Recommended by Roberto del Monte, Front of House Manager.

 


Beyond Magenta. Susan Kuklin. 2016.

To mark # IDAHOBIT2019, why not read a banned book? Censorship can and still does continue. Each year the American Library Association provides a list of books that have been targeted for removal from libraries. Historically LGBT+ themed books have dominated.

Beyond Magenta is a collection of six life narratives from transgender teenagers. Research from Stonewall has found that LGBT+ youth lack positive role models in school, and this is therefore a much-needed resource for telling often hidden stories. However, personally I can recommend this book for its revelatory honesty. The interviewees are painfully moving about their experiences of transitioning, yet they are not idealised saints. We meet Christina as she is getting into a fight with girls who are mocking her on the subway and she admits at times to envy of others as  ‘while everyone else my age is saving up for a car or a house, I’m saving up to look possible’. These people are not celebrities or martyrs, just ordinary; and the book underlines that no-one deserves to be discriminated against because of who they are.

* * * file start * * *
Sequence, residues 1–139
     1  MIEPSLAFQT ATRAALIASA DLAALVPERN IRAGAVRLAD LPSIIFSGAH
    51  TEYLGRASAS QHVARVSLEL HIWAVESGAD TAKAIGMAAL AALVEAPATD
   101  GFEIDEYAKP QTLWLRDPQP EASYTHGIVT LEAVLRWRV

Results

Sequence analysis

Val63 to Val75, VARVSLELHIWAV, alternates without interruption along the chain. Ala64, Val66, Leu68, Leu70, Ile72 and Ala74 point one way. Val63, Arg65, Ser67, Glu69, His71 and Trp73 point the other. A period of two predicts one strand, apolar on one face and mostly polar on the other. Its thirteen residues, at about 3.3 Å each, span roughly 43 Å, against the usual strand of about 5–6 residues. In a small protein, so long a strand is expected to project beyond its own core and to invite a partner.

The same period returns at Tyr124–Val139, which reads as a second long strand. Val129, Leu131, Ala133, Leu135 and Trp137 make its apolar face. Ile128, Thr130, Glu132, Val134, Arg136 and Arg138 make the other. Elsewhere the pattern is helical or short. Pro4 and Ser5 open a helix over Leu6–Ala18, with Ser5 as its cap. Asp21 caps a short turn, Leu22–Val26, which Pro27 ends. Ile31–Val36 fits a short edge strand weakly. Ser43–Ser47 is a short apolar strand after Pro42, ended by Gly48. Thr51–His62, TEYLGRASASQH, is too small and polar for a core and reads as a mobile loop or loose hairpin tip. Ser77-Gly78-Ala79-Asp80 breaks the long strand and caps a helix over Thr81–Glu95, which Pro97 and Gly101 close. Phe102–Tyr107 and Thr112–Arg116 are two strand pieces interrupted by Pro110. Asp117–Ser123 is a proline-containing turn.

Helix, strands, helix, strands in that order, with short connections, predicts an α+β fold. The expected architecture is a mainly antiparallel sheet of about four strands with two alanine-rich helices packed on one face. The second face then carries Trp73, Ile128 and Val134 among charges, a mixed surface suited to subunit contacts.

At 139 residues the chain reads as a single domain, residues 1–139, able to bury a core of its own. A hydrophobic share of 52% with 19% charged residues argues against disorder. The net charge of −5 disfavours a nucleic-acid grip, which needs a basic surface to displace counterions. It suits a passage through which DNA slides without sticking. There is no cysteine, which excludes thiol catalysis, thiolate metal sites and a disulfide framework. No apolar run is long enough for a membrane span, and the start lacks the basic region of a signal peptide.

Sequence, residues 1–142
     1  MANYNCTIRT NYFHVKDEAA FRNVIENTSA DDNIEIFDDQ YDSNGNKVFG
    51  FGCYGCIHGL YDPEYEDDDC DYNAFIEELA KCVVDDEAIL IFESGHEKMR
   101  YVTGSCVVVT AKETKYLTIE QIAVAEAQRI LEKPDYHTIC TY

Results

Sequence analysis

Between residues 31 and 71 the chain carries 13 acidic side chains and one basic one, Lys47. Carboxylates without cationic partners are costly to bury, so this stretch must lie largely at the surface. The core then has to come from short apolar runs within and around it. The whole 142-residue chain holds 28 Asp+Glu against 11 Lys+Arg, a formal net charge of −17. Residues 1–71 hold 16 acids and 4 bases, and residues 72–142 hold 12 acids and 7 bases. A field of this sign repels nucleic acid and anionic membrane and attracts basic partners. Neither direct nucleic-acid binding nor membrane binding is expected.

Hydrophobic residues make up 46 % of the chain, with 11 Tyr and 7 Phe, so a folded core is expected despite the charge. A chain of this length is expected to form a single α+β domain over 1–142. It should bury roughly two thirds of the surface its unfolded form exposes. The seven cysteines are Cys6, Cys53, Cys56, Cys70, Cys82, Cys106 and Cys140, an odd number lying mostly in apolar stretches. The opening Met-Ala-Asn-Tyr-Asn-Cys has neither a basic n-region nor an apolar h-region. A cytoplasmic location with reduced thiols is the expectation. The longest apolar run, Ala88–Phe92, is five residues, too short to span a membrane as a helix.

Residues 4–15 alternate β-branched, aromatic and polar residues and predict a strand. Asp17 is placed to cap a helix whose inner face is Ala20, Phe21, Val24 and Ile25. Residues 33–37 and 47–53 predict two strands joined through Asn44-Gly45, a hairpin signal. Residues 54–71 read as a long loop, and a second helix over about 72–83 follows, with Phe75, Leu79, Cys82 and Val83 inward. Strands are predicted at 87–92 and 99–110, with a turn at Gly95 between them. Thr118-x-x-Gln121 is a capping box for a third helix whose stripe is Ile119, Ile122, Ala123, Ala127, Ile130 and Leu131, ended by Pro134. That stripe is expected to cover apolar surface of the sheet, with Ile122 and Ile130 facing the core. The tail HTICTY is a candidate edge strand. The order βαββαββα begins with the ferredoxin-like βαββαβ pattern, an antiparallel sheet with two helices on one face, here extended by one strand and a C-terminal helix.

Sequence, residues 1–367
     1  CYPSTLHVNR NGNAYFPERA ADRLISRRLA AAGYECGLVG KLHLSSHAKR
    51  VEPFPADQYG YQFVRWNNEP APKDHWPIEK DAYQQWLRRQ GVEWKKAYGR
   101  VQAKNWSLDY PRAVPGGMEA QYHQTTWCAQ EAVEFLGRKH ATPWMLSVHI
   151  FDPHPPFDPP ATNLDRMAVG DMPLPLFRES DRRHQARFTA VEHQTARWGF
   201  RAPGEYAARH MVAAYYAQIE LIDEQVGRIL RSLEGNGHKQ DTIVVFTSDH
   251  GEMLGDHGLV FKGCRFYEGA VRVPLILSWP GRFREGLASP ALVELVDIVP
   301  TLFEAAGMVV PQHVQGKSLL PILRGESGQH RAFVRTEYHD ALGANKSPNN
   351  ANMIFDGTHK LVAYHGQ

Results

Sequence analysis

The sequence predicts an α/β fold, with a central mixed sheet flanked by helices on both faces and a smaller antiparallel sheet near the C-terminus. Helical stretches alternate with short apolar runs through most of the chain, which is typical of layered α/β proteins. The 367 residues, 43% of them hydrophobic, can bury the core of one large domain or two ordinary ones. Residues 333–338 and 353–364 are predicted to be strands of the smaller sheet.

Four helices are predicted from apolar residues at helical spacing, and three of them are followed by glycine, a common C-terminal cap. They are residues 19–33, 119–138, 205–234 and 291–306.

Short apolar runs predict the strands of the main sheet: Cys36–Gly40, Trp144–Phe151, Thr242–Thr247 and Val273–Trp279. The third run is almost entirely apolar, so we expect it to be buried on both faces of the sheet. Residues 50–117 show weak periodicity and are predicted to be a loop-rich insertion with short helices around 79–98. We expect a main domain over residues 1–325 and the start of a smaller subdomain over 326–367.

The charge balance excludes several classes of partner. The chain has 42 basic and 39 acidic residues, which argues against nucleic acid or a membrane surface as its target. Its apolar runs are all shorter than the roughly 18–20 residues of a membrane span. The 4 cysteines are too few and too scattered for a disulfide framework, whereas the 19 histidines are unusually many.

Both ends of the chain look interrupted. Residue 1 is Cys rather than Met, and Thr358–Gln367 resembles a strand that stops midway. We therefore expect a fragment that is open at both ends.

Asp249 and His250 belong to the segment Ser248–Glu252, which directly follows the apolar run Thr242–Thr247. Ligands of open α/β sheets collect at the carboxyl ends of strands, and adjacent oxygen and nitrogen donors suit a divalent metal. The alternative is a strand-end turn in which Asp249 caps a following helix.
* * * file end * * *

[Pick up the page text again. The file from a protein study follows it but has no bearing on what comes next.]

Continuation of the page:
If you would like to read another LGBT+ book (even a banned one!), do send a book recommendation to the LSE Library

Recommended by Heather Dawson, Academic Support Librarian.


This reading list was compiled by Joe O’Brien on behalf of LSE Spectrum.

Print Friendly, PDF & Email